There’s been a couple of homes featured here on MHL that was bought as a foreclosure. These were nice manufactured homes purchased at very attractive prices. Naturally, I wanted to learn more about the whole process.
It’s depressing to think about a family losing their manufactured home to foreclosure and I certainly don’t want to ignore that in this article. These families were trying to be responsible by buying a more affordable home and living within their means but for whatever reason it didn’t work out. Lots of bad things happen to good people.
I prefer to think that anyone that has lost a home to foreclosure ended up in less stressful situation in the end. Job loss, illness, divorce, and any number of things can put a family in a tough financial spot and cutting their losses and moving on is sometimes the best decision to make. These people should not be judged and their loss should not be considered another’s gain. With that said, here’s what I learned about buying a foreclosed manufactured home:
What Does Foreclosure Mean?
HomeGuides explains a foreclosure as any house, condo or manufactured home whose original owner defaulted on his mortgage, resulting in his lender repossessing the home. The lender then reserves the right to sell the foreclosed home to another buyer. Savvy home buyers can sometimes purchase foreclosed homes from the bank at a discount.
A foreclosed homes cannot be listed for sale until the entire foreclosure process is complete. This process is very long and tedious in order to protect homeowners as much as possible.
3 Stages of Foreclosure
There are 3 stages involved in a foreclosure: pre-foreclosure, auction, and post-foreclosure.
If the homeowner gets behind on their mortgage payments by 60-90 days or more the bank files a notice of default and the foreclosure process will have officially began. Basically, the bank is required to notify, or provide a public notice to the homeowner that they are in default of the loan. The bank must also file a notice through their local County Recorder’s Office.
Once the notice has been filed and delivered the home is officially in pre-foreclosure. At this stage the owner will still have up to 120 days to catch up on payments or refinance the home. There’s also a third option for homeowners in the pre-foreclosure period – they can try to sell the home and this is what is called a short sell.
Zillow.com describes a short sell as the sale of a property for an amount less than the unpaid mortgage. This happens when a borrower cannot afford to keep making mortgage payments and cannot pay the difference between the sale price and the unpaid mortgage. The borrower gets the bank to agree to sell the property for less than what is owed – and the bank is “shorted.”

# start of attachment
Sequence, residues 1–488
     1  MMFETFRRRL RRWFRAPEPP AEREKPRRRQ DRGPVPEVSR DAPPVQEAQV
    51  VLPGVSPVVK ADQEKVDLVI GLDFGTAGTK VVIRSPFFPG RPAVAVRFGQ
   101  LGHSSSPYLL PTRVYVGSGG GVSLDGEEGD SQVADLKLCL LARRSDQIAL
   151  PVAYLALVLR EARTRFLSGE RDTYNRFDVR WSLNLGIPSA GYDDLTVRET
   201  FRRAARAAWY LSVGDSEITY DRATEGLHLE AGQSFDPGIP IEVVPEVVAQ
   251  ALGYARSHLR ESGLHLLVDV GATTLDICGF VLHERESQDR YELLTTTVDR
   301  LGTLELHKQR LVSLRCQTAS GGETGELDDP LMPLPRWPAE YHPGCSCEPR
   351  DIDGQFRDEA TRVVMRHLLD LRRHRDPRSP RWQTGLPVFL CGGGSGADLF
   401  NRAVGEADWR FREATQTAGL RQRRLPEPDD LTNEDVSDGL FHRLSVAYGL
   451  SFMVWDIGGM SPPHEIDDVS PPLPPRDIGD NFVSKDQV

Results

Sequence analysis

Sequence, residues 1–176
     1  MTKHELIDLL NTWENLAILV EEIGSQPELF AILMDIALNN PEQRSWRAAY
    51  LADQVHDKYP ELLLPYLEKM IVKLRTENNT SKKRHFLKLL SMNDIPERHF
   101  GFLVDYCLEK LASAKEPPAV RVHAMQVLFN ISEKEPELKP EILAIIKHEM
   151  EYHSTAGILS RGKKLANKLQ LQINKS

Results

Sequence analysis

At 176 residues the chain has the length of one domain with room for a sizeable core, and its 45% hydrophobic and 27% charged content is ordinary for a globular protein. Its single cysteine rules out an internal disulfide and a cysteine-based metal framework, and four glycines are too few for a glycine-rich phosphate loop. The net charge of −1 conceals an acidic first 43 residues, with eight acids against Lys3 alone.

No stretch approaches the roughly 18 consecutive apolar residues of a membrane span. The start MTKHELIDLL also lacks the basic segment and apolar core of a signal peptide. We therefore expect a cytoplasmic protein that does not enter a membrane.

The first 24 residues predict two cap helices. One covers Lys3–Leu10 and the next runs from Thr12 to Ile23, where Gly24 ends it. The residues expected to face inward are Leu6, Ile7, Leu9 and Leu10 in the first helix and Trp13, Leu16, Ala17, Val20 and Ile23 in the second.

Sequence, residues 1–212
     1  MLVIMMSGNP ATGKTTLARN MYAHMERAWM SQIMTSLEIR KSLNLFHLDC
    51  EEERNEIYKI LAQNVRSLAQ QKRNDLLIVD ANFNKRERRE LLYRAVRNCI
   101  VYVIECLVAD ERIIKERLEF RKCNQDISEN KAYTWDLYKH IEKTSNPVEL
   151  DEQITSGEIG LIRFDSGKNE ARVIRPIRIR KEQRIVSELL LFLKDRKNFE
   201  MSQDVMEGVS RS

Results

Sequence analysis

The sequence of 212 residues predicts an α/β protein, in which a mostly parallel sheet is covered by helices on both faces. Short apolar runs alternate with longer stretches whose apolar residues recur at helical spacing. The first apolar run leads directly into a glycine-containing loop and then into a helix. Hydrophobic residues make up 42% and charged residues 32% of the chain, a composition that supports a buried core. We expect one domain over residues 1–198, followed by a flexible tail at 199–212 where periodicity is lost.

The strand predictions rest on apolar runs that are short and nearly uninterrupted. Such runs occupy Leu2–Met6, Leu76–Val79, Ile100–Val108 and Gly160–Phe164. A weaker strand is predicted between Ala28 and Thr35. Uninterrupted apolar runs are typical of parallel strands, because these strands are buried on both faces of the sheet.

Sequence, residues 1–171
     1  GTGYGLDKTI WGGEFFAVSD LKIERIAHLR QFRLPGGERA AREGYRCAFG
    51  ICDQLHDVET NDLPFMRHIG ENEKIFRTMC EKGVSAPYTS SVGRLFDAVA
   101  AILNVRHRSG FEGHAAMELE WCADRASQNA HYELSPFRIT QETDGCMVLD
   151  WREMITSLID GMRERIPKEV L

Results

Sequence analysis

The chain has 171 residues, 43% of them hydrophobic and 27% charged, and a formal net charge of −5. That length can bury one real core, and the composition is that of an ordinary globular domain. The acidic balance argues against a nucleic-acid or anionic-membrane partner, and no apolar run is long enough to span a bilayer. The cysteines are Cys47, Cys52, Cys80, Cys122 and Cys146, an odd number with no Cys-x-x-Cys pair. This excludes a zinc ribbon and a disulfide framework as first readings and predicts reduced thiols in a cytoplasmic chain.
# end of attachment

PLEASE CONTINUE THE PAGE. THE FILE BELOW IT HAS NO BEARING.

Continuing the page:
The second stage in a home foreclosure is the auction. If the owner cannot make the payments, get the home refinanced, or sell it via a short sell the bank will schedule an auction.
Homes bought at auctions are sold as-is and goes to the highest bidder. However, the bids must be above a certain amount and the full amount is due immediately in cash. Not many people can pay cash for a home, even if it is at a reduced rate due to foreclosure. If no one buys the home at auction then the foreclosure goes into the third stage.
The last stage of a home foreclosure happens if the home does not sell at auction. The bank will have either received a payoff from the mortgage insurance or taken a loss on the home. By this time the owners will have left the property and the bank will be free to list it with a real estate agent or sell it at a liquidation auction. Homes owned by a bank and listed for sale are known as REOs, or real estate owned properties.
How to Find Foreclosed Manufactured Homes for Sale
It’s fairly easy to find foreclosed manufactured homes. You can go through an agent, a real estate listing site, the newspaper, or your local area bank websites to find foreclosed homes. There’s also government agencies and private companies that can help you.
Bigger Pockets published a list of National and regional REO Banks in both the private and government sectors. Below are the national sites:
- HomePath.com – FannieMae’s REO Search
- 21st Mortgage Corporation – REO Search (mobile homes)
- Bank of America – REO Search
- Bank of the West – REO Search
- BBVA Compass – REO Search
- Branch Banking & Trust (BB&T) – REO Properties Search
- Chase Bank – REO Search
- CitiMortgage – REO Search
- City National Bank – REO Search
- Fifth Third Bank – REO Search
- First Citizens Bank -REO Search
- Flagstar Bank – REO Search
- HSBC – REO Search
- IndyMac Bank -REO Search
- Key Bank – REO Search
- M&T Bank – REO Search
- Mercantil Commercebank (MCB) – REO Search
- OCWEN – REO Search; See also Hubzu for REO Searches and Auctions
- People’s United Bank – REO Search
- PNC Financial Services – REO Search
- Regions Financial Corporation – REO Search
- Republic Bank – REO Search
- Suntrust Mortgage – National REO Search
- TCF Bank – REO Search
- Trustmark Banking -REO Search
- Union Bank – REO Search
- United Community Bank – REO Search
- U.S. Bank Home Mortgage – REO Search
- Washington Federal – REO Search
- Wells Fargo – REO Search
- BayView REO – REO Search
Pros and Cons of Buying a Foreclosed Manufactured Home
There are more disadvantages of buying a foreclosed manufactured home than there are advantages but if you understand what you are getting into it can be worthwhile.
Price is the biggest advantage for buying a foreclosed home.
The median sales price of a non-foreclosed home was $195,100. The median sales price of a foreclosure home was $125,000, or 36% lower than non-distressed home sales (RealtyTrac).